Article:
Instead, create policies that prohibit employees from playing games such as Pokémon GO during work time (even if it is downtime) and restrict when and where such games can be played on work property during non - work hours.

You may already have such policies in place (e.g. policies prohibiting employees from using company - provided computers and cell phones for personal use and from using personal cell phones during working time). Review these existing policies and determine if they effectively address the problem and then modify the policies as necessary. Then, discuss these policies with your employees. Remind them that playing Pokémon GO during working time would violate these policies, which may result in disciplinary action.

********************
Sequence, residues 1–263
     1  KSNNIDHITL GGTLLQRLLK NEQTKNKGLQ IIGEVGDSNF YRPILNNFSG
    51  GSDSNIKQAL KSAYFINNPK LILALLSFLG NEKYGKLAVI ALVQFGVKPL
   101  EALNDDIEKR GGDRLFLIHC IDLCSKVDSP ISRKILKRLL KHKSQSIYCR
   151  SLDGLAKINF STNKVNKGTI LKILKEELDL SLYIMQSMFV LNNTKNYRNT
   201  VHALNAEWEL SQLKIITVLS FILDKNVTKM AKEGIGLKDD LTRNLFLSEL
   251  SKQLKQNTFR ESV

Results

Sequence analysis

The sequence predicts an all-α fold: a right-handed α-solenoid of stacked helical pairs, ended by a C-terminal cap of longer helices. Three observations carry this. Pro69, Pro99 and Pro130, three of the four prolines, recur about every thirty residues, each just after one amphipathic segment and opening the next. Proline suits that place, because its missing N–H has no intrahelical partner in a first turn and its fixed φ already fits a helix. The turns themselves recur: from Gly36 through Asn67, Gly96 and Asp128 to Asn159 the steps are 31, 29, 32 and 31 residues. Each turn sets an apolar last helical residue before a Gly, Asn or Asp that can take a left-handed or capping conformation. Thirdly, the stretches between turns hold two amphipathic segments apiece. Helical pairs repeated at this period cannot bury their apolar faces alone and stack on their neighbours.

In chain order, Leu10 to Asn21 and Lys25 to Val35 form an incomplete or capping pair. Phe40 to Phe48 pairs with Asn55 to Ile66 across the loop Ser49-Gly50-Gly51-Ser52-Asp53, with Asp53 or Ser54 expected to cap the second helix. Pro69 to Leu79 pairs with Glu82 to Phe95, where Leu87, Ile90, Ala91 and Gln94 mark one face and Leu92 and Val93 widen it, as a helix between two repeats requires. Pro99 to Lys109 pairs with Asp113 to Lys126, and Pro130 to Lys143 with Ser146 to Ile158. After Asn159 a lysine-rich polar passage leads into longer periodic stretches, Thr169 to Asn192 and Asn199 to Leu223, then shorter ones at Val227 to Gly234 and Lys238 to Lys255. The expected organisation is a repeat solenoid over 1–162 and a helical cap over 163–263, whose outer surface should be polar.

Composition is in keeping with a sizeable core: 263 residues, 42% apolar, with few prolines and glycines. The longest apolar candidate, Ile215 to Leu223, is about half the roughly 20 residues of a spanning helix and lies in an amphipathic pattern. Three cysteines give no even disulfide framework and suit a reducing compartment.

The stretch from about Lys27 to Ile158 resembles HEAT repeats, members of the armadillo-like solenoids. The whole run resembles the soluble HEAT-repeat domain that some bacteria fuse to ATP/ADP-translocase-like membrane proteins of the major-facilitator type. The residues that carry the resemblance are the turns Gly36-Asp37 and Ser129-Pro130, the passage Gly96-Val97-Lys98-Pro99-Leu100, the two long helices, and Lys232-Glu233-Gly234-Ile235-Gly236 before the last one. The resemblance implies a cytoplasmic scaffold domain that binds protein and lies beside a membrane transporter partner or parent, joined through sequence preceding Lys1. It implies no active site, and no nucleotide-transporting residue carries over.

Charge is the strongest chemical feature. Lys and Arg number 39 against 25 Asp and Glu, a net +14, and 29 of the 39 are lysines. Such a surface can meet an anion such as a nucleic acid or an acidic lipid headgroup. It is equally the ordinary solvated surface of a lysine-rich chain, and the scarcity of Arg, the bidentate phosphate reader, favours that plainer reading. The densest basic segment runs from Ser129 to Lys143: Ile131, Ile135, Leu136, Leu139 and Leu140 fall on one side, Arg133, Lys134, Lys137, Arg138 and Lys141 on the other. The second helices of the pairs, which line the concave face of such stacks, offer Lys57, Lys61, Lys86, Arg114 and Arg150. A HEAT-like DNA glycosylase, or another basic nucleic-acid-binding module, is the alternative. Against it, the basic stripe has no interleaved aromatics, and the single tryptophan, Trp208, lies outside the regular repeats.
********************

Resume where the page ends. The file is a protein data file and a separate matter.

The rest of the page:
HUMAN RESOURCES
Sexual Harassment...Do You "Know It When You See It?"
What is sexual harassment?
Sexual harassment is any unwelcome sexual advances or requests for sexual favors or any conduct of a sexual nature when:
  • Submission to such conduct is made a term or condition of employment;
  • Submission to such conduct by any individual is used as the basis for employment decisions affecting that individual;
  • Such conduct substantially interferes with an individual's work performance; or
  • Such conduct creates a hostile work environment. 

 

 

 

Is this sexual harassment?
Using the above definition, can you identify which of the following scenarios is sexual harassment?

X - Y, Inc. only has male employees. Throughout the workday, the employees tell bawdy jokes. Gregory, a long - term employee, regularly tells these jokes and, oftentimes, his jokes are among the most crass. One day, Gregory complains to HR about the jokes - claiming that he is being sexually harassed.

This is an example of potential sexual harassment.